Platforms moderate material that doesn’t meet the standard above because they want to have users and advertisers and shape the kind of community they want.

Removing 230 doesn’t end moderation, it just makes it impossible for any company, no matter how large, to stay on the internet with user generated content of any sort. The company can directly be sued by anybody for the the content their users post (and right now you can sue a user for a slanderous or libelous or prosecute someone for illegal actions online).

So, I have to assume that this is an attempt to end the internet as we have known it completely.

ETA: I also just want to make it clear that I am not just talking about today’s Supreme Court stuff. There has long been a movement to eliminate 230 completely on both sides of the aisle - Biden has expressed support for doing this in the past


While I know our legal system is far from perfect, it seems like an anti-SLAPP feature could be built right into that part of the law. If you fail to prove your point, you pay for the defendant’s legal fees. If your suit is shown to be frivilous, you owe the defendent 10x their legal fees.


The giants have more exposure both criminal and civil, the more users you have the more that are posting stuff that you could be sued or arrested for. The small ones would be at risk from any user posting a child abuse image, which I promise you, will not go unnoticed or prosecuted.

NO ONE will take on that risk, big or small. The bbs would be gone, I promise you.

What this really is, I am assuming, is a way to try to get back to a publisher/broadcaster model where corporate interests publish things and everyone else consumes them. It’s to shut everyone else up and regain control of the messaging

ETA: and no one is hiding behind 230 to allow hate speech. 230 is concerned with illegal speech. Because we are a broken country hate speech is legal and protected by the 1st amendment and would be unaffected by the removal of 230. The reason that sites exclusively promoting hate speech like Stormfront end up on the TOR dark web is not because they were driven there by the government, it’s because no ISP will do business with them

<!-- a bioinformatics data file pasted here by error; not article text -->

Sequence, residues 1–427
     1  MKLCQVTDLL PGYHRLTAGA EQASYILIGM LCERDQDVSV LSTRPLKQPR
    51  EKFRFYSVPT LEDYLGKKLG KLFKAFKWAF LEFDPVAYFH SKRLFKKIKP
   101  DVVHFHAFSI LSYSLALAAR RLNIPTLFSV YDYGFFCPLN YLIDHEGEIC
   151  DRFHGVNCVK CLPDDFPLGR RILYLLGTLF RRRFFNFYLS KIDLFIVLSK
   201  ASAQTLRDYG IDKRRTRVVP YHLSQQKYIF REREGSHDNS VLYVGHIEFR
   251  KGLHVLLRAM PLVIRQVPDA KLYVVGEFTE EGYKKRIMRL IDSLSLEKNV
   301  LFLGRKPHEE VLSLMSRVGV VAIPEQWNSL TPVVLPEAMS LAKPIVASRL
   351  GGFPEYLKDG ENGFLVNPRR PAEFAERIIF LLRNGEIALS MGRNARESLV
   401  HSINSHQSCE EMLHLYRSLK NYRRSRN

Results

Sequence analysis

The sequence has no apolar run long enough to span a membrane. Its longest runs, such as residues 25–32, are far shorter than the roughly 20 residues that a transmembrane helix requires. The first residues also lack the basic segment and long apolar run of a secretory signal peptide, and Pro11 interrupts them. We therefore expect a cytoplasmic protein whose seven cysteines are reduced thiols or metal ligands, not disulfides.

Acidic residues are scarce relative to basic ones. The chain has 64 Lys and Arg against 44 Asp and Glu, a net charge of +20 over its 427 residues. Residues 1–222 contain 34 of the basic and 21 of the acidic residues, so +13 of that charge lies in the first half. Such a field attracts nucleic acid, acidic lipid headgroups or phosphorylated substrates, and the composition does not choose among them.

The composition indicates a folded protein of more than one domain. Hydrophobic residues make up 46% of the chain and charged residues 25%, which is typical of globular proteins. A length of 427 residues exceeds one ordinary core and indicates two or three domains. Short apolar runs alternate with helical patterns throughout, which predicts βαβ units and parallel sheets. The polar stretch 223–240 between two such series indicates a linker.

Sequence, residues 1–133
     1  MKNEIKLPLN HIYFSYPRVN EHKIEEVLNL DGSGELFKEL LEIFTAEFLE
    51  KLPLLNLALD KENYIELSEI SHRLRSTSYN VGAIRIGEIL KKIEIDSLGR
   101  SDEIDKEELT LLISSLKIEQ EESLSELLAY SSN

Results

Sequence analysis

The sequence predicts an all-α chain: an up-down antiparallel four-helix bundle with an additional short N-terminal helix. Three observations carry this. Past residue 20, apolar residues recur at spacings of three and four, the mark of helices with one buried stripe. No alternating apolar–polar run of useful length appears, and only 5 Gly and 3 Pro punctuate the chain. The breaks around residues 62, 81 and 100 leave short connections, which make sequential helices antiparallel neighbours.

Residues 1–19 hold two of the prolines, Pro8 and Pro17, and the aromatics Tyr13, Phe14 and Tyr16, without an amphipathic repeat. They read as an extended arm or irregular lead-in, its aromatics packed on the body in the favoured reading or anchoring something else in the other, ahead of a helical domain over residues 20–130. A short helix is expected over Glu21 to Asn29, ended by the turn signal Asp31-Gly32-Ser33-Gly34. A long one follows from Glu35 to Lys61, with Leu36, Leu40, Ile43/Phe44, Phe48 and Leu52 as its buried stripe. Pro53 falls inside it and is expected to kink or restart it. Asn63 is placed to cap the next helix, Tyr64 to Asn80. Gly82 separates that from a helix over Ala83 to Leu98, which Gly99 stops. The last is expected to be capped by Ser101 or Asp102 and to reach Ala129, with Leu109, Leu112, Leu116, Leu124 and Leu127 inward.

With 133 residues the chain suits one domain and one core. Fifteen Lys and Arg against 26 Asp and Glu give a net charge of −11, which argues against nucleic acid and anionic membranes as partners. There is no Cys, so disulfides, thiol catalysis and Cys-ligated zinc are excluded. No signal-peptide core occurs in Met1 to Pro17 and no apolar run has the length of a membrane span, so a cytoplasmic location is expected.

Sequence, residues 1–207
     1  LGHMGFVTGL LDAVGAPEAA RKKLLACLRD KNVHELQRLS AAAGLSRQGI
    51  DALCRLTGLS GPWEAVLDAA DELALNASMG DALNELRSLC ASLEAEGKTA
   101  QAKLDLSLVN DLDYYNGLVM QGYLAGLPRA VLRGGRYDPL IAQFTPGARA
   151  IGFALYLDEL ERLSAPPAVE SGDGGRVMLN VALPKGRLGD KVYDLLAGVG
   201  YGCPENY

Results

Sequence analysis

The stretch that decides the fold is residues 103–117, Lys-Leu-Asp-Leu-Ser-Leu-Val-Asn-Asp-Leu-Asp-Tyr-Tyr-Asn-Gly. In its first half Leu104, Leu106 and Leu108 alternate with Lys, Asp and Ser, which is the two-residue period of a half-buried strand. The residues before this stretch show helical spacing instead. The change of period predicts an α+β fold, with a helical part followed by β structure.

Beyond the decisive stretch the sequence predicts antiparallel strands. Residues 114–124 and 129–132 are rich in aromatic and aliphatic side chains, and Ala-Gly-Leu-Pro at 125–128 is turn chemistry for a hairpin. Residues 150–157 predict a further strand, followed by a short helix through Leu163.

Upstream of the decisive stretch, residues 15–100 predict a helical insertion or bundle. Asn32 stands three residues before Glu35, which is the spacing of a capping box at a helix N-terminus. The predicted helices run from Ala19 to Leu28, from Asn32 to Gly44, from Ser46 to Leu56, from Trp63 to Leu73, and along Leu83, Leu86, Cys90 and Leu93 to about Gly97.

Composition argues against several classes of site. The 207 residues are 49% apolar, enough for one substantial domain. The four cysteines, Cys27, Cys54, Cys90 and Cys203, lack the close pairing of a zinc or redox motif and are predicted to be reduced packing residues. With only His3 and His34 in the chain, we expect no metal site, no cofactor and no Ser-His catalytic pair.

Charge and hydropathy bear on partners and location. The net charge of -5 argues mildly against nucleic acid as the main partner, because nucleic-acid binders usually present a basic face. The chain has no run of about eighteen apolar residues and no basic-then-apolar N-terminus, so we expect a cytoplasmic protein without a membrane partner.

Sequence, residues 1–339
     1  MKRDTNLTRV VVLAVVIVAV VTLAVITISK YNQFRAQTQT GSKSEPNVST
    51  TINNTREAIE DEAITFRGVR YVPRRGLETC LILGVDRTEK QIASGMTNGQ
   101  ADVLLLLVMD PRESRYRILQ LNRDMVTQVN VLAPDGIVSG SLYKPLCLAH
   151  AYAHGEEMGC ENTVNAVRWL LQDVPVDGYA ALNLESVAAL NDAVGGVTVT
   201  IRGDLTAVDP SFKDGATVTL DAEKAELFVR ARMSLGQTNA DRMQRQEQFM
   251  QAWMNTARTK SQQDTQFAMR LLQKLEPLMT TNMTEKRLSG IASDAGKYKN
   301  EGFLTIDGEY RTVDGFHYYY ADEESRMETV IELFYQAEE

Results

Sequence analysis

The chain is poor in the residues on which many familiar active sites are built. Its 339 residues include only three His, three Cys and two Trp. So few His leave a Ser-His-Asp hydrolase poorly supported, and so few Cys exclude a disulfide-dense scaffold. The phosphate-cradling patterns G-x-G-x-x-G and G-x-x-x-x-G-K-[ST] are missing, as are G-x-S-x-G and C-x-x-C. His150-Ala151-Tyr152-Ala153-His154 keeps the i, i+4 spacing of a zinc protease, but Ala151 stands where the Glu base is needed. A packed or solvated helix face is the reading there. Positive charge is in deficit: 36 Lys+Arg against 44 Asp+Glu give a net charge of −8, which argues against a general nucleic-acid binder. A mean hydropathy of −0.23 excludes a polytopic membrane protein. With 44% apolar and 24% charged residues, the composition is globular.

Speaking of SLAPP like features


The only way that will happen is if the big tech platforms think it’s necessary. They’ll be opposed all the way by right-wingers claiming it’s censorship.


Unmoderated bbs maybe would be gone. The giants and the small both have the benefit of being able to handle moderation. The vast middle where you cannot afford to moderate the volume of content would be who is most affected. Just like with print media, anybody would be able to publish anything they want but they would take on the legal responsibility. So you end up with a few consolidated giant outlets that publish safe crap. And then you have the tiny papers and zines almost nobody reads. But they do exist. And they are subversive and lovely.

So in your scenario maybe boing boing bbs dies but hey you could have whoever you want over at edgore bbs. It’d be like 90s internet.

I’m being a bit flippant with all this. I guess I just can’t really envision the total doom scenario you kind of paint. The genie is out of the bottle when it comes to online communication. And besides, hopefully my donations to EFF and ACLU lawyers can prevent the worst outcome here. I wish them luck.


Incorrect. 230 is what allows moderation to prevent a company from liability.

Without 230 a host is directly liable themselves for what their users post, they are treated as a publisher, without a safe harbor cut out

Real world example - in the 90s a friend of mine made a post on the Yahoo Finance Message Boards about a company, saying that it was not a good investment. We both worked for a well known financial company at the time and he was very well known in finance and technology

The company sued him, the company we worked for, and Yahoo! for libel. The court threw out the suit against Yahoo, citing the protections provided by 230. The suit against my friend went ahead, while the suit against the company we worked for was dismissed by the court since he was not posting from work

What you are saying is NOT how this works.

I would suggest that is because you appear to completely not understand what section 230 actually does. The scenario you proposed above about publishers has nothing to do with Section 230, I would recommend going and reading up on it. The EFF explains all of this very clearly in many, many things they have written


That’s what a lot of people said about the prospect of SCOTUS overturning Roe v. Wade.